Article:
Gwyneth Spangler

The Baltimore Sun

Gwyneth J. Spangler, who despite being diagnosed with cystic fibrosis when she was 18 months old went onto become a successful athlete and outdoorswoman while working as a hydrogeologist, died of pulmonary failure Thursday at Inova Fairfax Hospital in Falls Church, Va.

The Catonsville resident was 38.

Gwyneth Jones was born in Baltimore and raised on West Seminary Avenue in Lutherville. At Towson High School, she was a member of the track team, which made the state finals one year, and also participated in the old Lady Equitable race in downtown Baltimore. She also enjoyed Scottish Highland dancing and danced with the Baltimore Scottish Country Dance group.

"We always encouraged her, and her doctor told us not to treat her anything less than a normal child," said her father, Earl Penuel Jones, of Lutherville. "She never ever complained."

After graduating from high school in 1988, she attended Bates College in Lewiston, Maine, where she earned a bachelor's degree in environmental sciences in 1992. At Bates, she continued her interest in track, enjoyed hiking and skiing, and qualified as a member of the Maine Search and Rescue Team.

It was while she was at Bates that she learned that her cystic fibrosis was terminal. Cystic fibrosis is caused by a defective gene that causes the body to create large amounts of mucus, leading to lung infections, digestive disorders and other health problems.

"She joined a support group and was depressed for a while, and then she bounded back and decided to live life with a vengeance," her father said.

Mrs. Spangler completed advance course work in biology and geology, and did geological field work in the Southwest and aboard the research vessel SSV Westward in the Caribbean with the Sea Semester Program based in Woods Hole, Mass.

Some of her research was presented at meetings of the Geological Society of Maine, and she did field work for the Freeport Conservation Commission in Freeport, Maine, as a part of the U.S. Environmental Protection Agency's Casco Bay Storm Water Management Project.

After graduation from college, Mrs. Spangler worked for the state of Maine, mapping glacial deposits in Aroostook County for seven months, before returning to Maryland in 1993.

She met her future husband, Christopher B. Spangler, who worked at the Nature Company, when both attended a volunteers' meeting at the Chesapeake Bay Foundation.

"She said there were two empty seats, 'one next to an old lady, and the other next to a good-looking guy,' so she sat there," her father said.

They worked together at the Nature Company and married in 1995.

In 1993, she took a job as a hydrogeologist with Quality Environmental Solutions in Annapolis, and later held similar positions with John D. Haynes & Associates of Salisbury and Handex Corp. in Odenton.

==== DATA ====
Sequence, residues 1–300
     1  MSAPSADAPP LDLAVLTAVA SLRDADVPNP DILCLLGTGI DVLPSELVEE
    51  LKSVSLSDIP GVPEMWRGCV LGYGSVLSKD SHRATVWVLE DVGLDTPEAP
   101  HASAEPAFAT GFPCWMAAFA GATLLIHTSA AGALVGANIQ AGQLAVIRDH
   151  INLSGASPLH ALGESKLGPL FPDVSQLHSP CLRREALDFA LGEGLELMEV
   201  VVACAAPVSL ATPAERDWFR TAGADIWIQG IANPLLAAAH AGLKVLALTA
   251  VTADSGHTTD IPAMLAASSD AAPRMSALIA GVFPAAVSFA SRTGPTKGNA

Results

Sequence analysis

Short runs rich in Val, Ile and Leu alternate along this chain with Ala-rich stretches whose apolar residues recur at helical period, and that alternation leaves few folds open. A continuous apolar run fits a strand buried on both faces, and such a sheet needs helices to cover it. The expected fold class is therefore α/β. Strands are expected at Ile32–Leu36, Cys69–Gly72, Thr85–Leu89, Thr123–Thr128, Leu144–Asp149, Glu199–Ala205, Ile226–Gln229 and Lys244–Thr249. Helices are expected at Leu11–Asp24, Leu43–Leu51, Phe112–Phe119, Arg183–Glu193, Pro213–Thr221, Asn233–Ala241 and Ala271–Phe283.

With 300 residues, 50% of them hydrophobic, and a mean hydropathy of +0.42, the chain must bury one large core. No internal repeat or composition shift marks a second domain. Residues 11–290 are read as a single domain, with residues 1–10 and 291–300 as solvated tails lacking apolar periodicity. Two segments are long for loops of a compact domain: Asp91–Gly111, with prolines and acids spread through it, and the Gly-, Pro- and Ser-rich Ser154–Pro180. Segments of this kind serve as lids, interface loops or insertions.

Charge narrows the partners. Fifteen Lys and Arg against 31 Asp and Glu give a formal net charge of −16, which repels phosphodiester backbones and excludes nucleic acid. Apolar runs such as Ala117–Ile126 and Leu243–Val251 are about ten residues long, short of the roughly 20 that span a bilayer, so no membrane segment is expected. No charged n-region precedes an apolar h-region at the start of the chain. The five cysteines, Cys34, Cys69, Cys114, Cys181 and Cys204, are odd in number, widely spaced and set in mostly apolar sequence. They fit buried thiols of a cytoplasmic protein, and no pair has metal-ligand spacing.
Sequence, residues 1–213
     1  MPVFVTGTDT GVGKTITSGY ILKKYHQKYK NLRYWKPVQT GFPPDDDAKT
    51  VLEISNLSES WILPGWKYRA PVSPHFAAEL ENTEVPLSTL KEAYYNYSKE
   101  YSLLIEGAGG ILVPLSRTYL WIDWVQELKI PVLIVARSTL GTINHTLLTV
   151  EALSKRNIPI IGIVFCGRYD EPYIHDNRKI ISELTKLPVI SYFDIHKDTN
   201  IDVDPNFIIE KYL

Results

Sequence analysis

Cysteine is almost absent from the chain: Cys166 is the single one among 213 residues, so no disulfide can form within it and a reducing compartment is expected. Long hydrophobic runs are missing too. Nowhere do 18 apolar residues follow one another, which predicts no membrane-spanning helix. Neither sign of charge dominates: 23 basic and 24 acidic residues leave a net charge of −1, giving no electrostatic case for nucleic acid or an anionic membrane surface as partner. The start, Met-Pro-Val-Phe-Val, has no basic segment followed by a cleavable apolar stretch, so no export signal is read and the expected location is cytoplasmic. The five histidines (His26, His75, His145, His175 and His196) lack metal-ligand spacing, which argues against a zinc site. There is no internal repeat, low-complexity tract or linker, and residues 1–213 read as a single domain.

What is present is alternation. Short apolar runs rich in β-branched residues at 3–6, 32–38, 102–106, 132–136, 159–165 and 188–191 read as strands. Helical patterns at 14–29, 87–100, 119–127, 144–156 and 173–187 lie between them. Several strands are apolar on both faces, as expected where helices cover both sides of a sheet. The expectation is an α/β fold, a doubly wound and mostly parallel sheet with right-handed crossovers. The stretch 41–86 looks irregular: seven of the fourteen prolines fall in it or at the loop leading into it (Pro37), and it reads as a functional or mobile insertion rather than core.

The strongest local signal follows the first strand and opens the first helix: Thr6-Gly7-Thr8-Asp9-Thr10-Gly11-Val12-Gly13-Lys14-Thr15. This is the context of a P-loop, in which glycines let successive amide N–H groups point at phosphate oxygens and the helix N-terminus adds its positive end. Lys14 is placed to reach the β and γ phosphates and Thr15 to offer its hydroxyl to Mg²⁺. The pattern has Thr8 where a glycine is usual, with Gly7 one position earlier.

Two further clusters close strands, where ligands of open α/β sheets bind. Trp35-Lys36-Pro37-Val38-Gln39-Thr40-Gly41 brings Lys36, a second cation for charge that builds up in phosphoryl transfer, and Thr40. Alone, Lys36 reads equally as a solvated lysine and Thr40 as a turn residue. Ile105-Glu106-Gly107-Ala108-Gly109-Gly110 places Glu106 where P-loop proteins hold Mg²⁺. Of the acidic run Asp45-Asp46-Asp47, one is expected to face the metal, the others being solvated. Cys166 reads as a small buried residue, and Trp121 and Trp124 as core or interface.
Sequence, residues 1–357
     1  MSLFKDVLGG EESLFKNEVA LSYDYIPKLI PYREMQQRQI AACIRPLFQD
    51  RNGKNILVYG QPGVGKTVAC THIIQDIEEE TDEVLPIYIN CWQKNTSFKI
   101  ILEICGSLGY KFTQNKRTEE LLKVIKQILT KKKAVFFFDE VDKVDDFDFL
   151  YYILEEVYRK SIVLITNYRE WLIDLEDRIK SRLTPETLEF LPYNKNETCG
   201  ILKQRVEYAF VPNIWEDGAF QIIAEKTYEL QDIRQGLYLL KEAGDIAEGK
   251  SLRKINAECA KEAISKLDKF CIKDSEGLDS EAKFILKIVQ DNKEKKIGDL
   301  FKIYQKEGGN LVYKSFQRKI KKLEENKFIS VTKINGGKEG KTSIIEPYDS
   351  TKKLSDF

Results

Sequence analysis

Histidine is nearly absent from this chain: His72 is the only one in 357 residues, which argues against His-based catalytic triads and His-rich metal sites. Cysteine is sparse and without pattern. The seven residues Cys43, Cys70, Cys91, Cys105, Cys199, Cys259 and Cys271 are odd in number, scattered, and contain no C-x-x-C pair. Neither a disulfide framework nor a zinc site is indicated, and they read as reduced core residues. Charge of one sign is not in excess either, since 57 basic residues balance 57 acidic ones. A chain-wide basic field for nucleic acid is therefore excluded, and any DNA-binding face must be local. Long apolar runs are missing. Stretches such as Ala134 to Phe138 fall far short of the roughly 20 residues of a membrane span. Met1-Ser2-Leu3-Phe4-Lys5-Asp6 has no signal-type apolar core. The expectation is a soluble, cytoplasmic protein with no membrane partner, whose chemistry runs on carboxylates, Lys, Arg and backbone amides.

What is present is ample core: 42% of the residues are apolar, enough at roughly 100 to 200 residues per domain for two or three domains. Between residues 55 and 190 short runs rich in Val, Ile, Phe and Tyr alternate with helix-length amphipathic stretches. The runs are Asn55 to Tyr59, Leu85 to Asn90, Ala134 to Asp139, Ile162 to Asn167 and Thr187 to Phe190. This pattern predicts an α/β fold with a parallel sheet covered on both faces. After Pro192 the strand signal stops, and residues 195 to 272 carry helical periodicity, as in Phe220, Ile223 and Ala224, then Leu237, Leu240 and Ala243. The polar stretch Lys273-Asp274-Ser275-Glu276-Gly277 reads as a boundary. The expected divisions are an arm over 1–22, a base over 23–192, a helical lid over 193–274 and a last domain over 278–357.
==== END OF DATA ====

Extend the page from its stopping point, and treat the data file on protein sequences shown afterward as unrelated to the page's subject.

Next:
Because of deteriorating health, she stopped working in 2000 and was put on the lung transplant list at Johns Hopkins Hospital and Inova Fairfax.

In 2004, Mrs. Spangler received a successful double lung transplant at Inova Fairfax, which gave her an additional three years of vigorous health.

She and her husband, who were joined by friends, embarked on hiking adventures that took them to Scotland, Mount St. Helens, Yellowstone National Park and the Olympic Peninsula in Washington State.

They were followed by hiking trips to California and Massachusetts, and two visits to South Africa.

In August, she was diagnosed with acute myelogenous leukemia, a fast-growing cancer of the blood and bone marrow, and began chemotherapy treatments. After seven months, she relapsed and had started another round of chemotherapy treatments.

" So many of our friends at Bates didn't know that she had cystic fibrosis. To them, she was just another college co-ed. Her disease was never a factor," said Laura H. Ordway, a longtime friend who, with two other close college friends, came to Baltimore three weeks ago and visited Mrs. Spangler after they learned she had suffered a relapse.

"She had so much grace about her illness and would hold my hand and asked me how I was doing. The more I think of it, she was so much like an angel, with her curly blond hair, porcelain skin and blue eyes," Ms. Ordway said. "She had such a presence that people were drawn to her."

Mrs. Spangler was a longtime communicant of Emmanuel Episcopal Church in downtown Baltimore, where the Rev. J. Perry Smith had been assistant rector.

"When I left, in my farewell sermon I paid tribute to three people, and Gwyn was one of them," said Mr. Smith, who is now rector of St Cyprian's Episcopal Church in St Augustine, Fla.

"I had previous experience as a soldier in Vietnam and with the FBI before I became a clergyman, so I thought I understood what courage was all about," Mr. Smith said.

"And then I met this extraordinary young woman who fundamentally taught this old man what courage was really all about," he said. "She had a zest for life and lived it and every opportunity it gave her, to the fullest. She was an amazing person."

Mrs. Spangler volunteered with the Washington Regional Transplant Commission promoting organ donation and was a member of the organization's fundraising events committee.

She also conducted volunteer fundraising for the Cystic Fibrosis Foundation during its Great Strides campaigns and collected used cell phones for charity.

Mrs. Spangler was a member of the Holmehurst Community Association. In addition to serving as treasurer of the association, she edited its newsletter.

A memorial service will be held at 11 a.m. May 17 at her church, 811 Cathedral St.

In addition to her husband and father, survivors include her mother, Drusilla P. Jones; two brothers, Robin Penuel Jones of Baltimore and Jon Giles Jones of Cedar Crest, N.M.; and several aunts, uncles and cousins.

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